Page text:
Tuesday, June 12, 2012

New York Jewish Population Is Growing 

The population of the New York Jewish community has grown nearly 10 percent since the previous study in 2002, according to UJA-Federation of New York's Jewish Community Study of New York: 2011, released today. More than 1.5 million Jews now live in the eight-county New York area, a total that surpasses the combined Jewish populations of the metropolitan areas of Boston, Chicago, Philadelphia, San Francisco, and Washington, D.C. In the five boroughs of New York City, the Jewish population rose to 1,086,000, with 316,000 on Long Island and 136,000 in Westchester.

UJA-Federation's study also finds that the recent growth in Jewish population largely results from increased birthrates and longevity, rather than from immigration that previously drove the rise in the area's Jewish population. Increases were also measured at both ends of the age spectrum, including the number of Jewish children and young adults under the age of 25 (which now totals 498,000) and the number of Jewish seniors, particularly those ages 75 and over (198,000).

The New York Jewish community is highly diverse, according to the study. Of the 1.5 million Jewish people in the New York Jewish community, nearly half a million are Orthodox, 216,000 live in Russian-speaking households, and about 12 percent of all Jewish households are biracial or nonwhite. The study also explores the changing nature of Jewish identity and engagement. Nondenominational Jews and Jews with no religion now make up a third of all Jewish households in the New York area. More than half of all Jews feel that being Jewish is very important. And less-engaged Jews are relatively engaged in Jewish activities that one can perform independently of institutions. The full study can be found at http://www.ujafedny.org/jewish-community-study-of-new-york-2011/

"With such an expansive view of the New York Jewish community, our ability to make informed and meaningful planning and policy decisions grows exponentially," said Jerry W. Levin, president of UJA-Federation. "This new study will be an invaluable tool in shaping how UJA-Federation and others can best respond to the changing needs within the Jewish community."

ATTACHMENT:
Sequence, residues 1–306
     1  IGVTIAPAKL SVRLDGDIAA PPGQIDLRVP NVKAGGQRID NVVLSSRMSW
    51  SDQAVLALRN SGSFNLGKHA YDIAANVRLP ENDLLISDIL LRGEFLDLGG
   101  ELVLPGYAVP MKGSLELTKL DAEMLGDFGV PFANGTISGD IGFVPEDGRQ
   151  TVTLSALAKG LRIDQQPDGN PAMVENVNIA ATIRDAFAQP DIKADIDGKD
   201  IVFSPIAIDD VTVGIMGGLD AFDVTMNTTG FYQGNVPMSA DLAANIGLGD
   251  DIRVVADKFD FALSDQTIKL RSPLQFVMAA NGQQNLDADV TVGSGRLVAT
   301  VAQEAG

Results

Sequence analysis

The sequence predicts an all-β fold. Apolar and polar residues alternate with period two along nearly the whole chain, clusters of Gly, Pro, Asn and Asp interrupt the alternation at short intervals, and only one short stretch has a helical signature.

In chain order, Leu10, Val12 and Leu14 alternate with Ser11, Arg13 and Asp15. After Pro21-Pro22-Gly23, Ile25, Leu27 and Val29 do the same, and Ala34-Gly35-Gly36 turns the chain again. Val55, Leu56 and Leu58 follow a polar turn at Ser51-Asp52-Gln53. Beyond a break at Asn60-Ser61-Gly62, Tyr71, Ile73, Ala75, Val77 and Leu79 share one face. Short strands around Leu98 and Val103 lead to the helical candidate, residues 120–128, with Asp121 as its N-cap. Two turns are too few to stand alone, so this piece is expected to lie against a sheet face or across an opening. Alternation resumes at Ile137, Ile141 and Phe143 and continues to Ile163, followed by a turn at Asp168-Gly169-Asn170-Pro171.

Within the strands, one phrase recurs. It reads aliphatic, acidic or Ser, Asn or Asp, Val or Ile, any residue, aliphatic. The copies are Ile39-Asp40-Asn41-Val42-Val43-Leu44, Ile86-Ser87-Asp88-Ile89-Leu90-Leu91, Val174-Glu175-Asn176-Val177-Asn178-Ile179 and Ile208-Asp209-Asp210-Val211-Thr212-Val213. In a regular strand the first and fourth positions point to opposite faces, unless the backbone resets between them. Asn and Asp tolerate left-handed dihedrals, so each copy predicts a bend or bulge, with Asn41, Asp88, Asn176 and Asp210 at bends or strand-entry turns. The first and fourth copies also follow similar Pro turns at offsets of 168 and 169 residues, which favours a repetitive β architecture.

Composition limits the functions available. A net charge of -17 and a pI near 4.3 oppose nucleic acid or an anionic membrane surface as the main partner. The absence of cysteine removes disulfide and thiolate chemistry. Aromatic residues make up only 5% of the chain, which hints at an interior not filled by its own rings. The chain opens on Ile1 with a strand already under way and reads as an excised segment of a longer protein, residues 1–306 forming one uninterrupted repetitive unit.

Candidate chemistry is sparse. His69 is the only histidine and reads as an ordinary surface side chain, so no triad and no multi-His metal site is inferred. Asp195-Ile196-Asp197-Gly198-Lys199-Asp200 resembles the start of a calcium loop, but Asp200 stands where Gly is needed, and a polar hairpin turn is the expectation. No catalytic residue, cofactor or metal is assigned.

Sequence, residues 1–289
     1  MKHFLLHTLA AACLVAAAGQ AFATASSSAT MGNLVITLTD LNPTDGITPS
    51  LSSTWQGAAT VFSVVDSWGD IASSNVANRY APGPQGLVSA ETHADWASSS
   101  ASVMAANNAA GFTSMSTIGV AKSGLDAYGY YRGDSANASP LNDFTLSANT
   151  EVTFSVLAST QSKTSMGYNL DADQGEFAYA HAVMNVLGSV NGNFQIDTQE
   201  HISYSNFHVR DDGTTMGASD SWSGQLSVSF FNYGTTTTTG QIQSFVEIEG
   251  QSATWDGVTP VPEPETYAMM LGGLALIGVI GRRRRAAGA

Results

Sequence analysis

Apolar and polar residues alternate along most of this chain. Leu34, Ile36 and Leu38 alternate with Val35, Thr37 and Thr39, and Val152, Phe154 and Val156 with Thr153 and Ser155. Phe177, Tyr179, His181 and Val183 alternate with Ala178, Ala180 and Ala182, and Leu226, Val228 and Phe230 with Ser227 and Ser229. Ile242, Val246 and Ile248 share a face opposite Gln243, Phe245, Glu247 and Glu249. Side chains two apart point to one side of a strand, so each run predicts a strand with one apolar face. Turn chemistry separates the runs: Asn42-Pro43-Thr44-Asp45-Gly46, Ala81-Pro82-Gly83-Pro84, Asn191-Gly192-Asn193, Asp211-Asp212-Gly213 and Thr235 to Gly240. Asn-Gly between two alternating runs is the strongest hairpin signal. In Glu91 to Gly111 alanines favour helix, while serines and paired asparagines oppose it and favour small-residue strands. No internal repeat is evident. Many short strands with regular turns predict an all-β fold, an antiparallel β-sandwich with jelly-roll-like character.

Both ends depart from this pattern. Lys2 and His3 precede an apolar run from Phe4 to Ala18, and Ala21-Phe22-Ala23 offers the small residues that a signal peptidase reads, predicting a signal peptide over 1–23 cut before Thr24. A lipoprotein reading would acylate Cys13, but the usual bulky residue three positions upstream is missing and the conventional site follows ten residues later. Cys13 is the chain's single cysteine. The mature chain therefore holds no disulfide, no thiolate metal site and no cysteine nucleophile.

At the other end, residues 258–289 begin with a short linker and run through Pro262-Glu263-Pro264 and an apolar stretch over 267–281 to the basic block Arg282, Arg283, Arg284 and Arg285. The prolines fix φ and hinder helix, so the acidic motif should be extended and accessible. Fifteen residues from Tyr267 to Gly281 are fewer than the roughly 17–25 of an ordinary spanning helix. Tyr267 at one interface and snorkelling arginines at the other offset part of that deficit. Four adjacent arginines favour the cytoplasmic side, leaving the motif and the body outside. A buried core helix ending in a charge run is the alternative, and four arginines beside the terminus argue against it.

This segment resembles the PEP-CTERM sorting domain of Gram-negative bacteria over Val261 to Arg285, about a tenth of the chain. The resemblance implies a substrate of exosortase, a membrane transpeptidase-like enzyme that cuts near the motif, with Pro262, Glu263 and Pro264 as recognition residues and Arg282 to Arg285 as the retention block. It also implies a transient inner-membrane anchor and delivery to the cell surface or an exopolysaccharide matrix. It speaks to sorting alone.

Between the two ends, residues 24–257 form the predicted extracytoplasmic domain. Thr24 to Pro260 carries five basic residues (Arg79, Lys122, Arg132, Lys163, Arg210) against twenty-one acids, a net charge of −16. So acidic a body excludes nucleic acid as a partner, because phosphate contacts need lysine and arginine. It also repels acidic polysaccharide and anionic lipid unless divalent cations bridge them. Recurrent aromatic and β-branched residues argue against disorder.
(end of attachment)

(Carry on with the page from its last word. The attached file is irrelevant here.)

The New York Jewish community has also seen rising rates of poverty, with more than half a million people living in poor or near-poor Jewish households. One in four people in Jewish households in New York City is poor, an increase from one in five in 2002, with a large increase reported in poverty in suburban areas.

"This data will not only inform our own strategic planning but also prove helpful to agencies, synagogues, day schools, and other Jewish social service, educational, and grassroots organizations," said John S. Ruskay, executive vice president and CEO of UJA-Federation.

"UJA-Federation's role is to think strategically about the future of the Jewish community, and this study, which is an important vehicle for noting the changes that have taken place over the last decade, will further enrich our understanding of the community," said Scott Shay, chair of the Jewish Community Study of New York: 2011 Committee. "The committee of lay members overseeing the study spent significant time considering each area of inquiry, and indeed each question, resulting in a remarkably thorough mapping of this incredibly diverse community."

In addition to its demographic findings, UJA-Federation's study is noteworthy for how it was conducted. Nearly 6,000 interviews were conducted, more than any other Jewish population survey ever conducted locally or nationally, and more than 20 percent of the interviews were conducted via cell phone, a percentage far greater than any other Jewish community study.

UJA Federation engaged Jewish Policy and Action Research (JPAR) to conduct the study. JPAR is a strategic alliance between Ukeles Associates, Inc., and Social Science Research Solutions, and together they have worked on 21 Jewish community studies across the United States. Professor Steven M. Cohen is JPAR's research team director for the New York study.

"The findings from the New York Jewish community study offer a tremendously rich data set that will have a significant impact on the work of policy analysts, demographers, and sociologists," said Professor Steven M. Cohen. "The New York area is such an important part of the national Jewish community that these findings will also help illuminate trends taking place nationwide."


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